Project Abstract

Developing Arctic Resilience to Future Water Cycle, River Systems, and Coastal Change The Arctic is responding rapidly to global climate change, which is driving Arctic temperature increases at twice the rate of the rest of the planet. Sea ice is retreating, permafrost is thawing, sea level is rising, and the timing of precipitation cycles in rain and snow are changing. As the Arctic continues to warm, it is essential that scientists and Arctic residents develop plans that holistically consider how communities might adapt to changes in their physical world. This new warmer Arctic presents challenges to Arctic...

Resilience and Adaptation to the Effects of Permafrost Degradation-Induced Coastal Erosion: People-Infrastructure-PErmafrost-Resilience (PIPER)

Location: 
Point Lay, AK: Utqiaġvik (Barrow), AK; Wainwright, AK; Kaktovik, AK
Dates: 
11 September 2019 to 31 August 2024

Project Abstract

Temperatures in the Arctic are rising rapidly, and these warmer temperatures have caused permafrost, ground that remains frozen for at least two consecutive years, to warm and thaw. Permafrost coasts, which make up approximately 30% of the world's coastlines, are experiencing accelerated erosion due to thawing. Erosion at some locations has occurred at the rate of 16 m per year since 2007. Degradation of permafrost and related coastal erosion damages coastal infrastructure and facilities across the Arctic, impacting the economic prosperity and lives of its inhabitants. As critical infrastructure becomes vulnerable to permafrost degradation and erosion, residents...

Arctic Robust Communities-Navigating Adaptation to Variability (ARC-NAV)

Location: 
Gambell, AK; Point Hope, AK; Nome, AK; Utqiaġvik, AK; Paratunka, Russia; Sireniki, Russia; Pakhachi, Russia
Dates: 
15 September 2019 to 31 August 2024

Project Abstract

The Arctic is warming on average twice as rapidly as the rest of the planet, which is leading to significant changes in sea ice to which local communities must respond. Beringia, a region of the Arctic encompassing US and Russian territory, is expected to experience some of the highest variability in sea ice conditions in the coming century. This project focuses on the question: how do we design better and more flexible governance and infrastructure to adapt to changing Arctic conditions? To answer this question, the team is taking a convergence approach to forecast potential changes in...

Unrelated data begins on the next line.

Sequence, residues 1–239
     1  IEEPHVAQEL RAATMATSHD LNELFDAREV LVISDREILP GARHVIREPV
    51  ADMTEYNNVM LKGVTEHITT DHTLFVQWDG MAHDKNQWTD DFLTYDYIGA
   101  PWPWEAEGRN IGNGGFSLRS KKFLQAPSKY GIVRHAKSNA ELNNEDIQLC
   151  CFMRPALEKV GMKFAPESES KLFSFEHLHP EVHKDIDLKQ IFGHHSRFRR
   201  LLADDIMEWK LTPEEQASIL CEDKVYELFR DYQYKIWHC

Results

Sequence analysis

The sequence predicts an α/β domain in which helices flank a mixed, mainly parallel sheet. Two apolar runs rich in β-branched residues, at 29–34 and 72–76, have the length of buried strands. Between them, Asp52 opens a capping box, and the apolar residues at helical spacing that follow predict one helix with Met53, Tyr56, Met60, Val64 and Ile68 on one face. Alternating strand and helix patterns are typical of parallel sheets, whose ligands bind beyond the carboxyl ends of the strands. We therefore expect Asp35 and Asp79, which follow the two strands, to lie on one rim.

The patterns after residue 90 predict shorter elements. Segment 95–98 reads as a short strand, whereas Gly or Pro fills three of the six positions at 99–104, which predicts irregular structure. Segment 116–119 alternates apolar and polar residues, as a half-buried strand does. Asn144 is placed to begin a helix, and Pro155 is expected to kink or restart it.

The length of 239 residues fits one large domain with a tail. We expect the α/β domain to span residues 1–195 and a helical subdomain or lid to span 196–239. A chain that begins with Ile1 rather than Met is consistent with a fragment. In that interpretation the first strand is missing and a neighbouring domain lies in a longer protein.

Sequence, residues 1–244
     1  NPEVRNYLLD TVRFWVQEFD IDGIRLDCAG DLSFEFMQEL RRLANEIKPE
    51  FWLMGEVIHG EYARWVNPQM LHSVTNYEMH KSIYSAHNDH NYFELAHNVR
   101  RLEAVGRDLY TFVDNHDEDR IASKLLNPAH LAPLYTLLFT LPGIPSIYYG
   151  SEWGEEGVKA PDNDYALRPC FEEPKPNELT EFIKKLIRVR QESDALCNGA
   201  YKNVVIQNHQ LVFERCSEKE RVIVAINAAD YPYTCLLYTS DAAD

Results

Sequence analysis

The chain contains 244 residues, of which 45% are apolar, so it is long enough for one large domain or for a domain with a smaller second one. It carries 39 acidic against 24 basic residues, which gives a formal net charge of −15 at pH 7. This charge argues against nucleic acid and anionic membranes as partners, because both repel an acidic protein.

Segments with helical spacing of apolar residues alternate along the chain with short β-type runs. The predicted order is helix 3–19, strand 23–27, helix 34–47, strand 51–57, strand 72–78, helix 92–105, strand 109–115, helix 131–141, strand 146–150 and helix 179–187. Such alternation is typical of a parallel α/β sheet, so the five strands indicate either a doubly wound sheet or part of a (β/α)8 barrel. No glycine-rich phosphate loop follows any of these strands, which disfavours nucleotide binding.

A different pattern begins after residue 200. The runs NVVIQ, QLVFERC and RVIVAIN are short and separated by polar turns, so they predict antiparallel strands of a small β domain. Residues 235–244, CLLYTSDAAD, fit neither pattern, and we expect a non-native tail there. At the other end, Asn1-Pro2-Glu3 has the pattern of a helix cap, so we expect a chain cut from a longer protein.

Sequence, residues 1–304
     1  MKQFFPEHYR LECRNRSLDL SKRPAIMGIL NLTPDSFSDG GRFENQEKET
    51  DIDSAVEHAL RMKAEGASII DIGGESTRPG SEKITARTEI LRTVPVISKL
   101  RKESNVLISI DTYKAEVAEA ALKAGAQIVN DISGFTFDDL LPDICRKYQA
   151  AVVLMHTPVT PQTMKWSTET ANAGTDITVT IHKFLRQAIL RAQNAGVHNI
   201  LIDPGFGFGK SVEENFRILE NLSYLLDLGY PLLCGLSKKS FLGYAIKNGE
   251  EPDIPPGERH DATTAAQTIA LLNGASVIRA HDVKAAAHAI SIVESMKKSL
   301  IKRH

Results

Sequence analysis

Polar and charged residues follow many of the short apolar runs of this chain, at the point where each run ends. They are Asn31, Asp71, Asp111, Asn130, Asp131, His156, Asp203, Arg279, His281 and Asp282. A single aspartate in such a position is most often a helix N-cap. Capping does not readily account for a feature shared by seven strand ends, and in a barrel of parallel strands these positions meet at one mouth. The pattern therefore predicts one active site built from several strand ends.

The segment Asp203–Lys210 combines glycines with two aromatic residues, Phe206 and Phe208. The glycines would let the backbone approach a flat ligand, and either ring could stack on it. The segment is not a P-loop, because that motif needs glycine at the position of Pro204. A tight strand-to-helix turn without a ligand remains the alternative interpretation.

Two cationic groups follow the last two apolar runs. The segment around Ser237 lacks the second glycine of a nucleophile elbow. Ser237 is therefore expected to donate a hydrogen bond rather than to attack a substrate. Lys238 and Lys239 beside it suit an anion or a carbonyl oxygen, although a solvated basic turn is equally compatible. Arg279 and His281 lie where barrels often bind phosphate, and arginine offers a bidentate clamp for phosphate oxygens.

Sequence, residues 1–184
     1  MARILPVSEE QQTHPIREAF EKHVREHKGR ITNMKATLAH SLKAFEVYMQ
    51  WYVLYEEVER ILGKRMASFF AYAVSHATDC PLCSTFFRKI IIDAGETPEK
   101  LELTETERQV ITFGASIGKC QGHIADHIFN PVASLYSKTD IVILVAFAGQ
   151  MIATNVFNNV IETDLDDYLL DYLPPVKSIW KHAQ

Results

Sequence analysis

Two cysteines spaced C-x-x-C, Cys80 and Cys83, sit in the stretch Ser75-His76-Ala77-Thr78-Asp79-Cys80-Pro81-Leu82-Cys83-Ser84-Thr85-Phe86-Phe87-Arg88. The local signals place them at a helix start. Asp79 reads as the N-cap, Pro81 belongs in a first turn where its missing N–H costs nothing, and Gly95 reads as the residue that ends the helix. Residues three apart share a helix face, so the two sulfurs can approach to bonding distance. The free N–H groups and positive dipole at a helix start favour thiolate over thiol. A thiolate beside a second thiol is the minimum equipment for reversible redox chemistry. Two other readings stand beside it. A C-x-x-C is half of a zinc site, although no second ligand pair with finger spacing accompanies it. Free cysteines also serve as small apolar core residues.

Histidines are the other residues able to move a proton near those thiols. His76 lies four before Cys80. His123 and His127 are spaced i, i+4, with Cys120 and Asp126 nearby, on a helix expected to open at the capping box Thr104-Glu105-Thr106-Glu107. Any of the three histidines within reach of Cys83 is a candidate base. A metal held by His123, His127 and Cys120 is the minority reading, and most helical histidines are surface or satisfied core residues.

Rain on Snow and Extreme Precipitation Events Across the Arctic and their Impacts on Social-Ecological Systems

Location: 
Anchorage, AK; Baffin Island, Canada; Rovaniemi, Finland; Yamal Peninsula, Russia
Dates: 
15 September 2019 to 31 August 2024

Project Abstract

Rain on Snow (ROS) and extreme precipitation events have significant impacts on Arctic wildlife, livestock, and the communities that depend on these resources for subsistence. The icy crusts that form after ROS events and deep snow can interfere with travel and searching for food. ROS events have been linked to massive die-offs of reindeer and caribou. Polar bear and ringed seal populations are also affected--rains early in the breeding season destroy dens built under the snow and increase cub/pup mortality. The purpose of this study is to better understand the frequency and cause of ROS and extreme...

Landscape Evolution and Adapting to Change in Ice-Rich Permafrost Systems (NNA-IRPS)

Location: 
Prudhoe Bay, AK; Point Lay, AK; Toolik, AK
Dates: 
15 September 2019 to 31 August 2024

Project Abstract

Ice-rich permafrost is ground that is frozen all year round for two or more years and contains particularly large amounts of water that will be released upon thawing. This ice is the element of Arctic landscapes most susceptible to climate warming. Nearly 50% of the Arctic has ice-rich permafrost. For example, the upper 4-5 meters of the land along Alaska's northern coast contains an estimated 77% ice. Thawing of ice-rich permafrost affects entire arctic ecosystems and makes the ground unstable to build upon. Thus, ice-rich permafrost is conceived as having a role similar to that of a...

Unangam Ulaa Project: Culturally-Informed Adaptation of the Ancient Aleutian Semi-Subterranean Dwelling for Sustainable and Resilient Arctic Housing

Location: 
Atka, AK; Cold Bay, AK; King Cove, AK; Unalaska, AK; Akutan, AK; Nikolski, AK; St. Paul Island, AK
Dates: 
1 October 2019 to 30 September 2021

Project Abstract

The Unangam Ulaa is the traditional house of the Unangax people in the Aleutian Islands and Alaska Peninsula, typically constructed from sod and partially buried into the soil surface. This Navigating the New Arctic (NNA) grant supports a scientific investigation into the construction and design of the Unangam Ulaa to determine how ancient construction techniques can be adapted using modern materials to create energy efficient dwelling specifically designed for the Aleutians yet transferrable to other Arctic regions. This work will integrate ancient and modern expertise about the built environment in these harsh environmental conditions into new built...

Arctic Urban Risks and Adaptations (AURA): a Coproduction Framework for Addressing Multiple Changing Environmental Hazards

Location: 
Anchorage, Alaska; Fairbanks, Alaska; Whitehorse, Yukon
Dates: 
1 October 2019 to 30 September 2023

Project Abstract